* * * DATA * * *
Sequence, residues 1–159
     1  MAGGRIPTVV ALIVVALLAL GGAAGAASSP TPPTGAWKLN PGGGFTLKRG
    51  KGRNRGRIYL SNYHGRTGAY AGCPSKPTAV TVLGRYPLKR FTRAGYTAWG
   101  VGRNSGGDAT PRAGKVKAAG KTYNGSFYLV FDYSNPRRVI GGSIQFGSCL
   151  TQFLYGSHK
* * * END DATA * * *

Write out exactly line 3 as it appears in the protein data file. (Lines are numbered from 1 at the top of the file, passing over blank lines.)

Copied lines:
    51  KGRNRGRIYL SNYHGRTGAY AGCPSKPTAV TVLGRYPLKR FTRAGYTAWG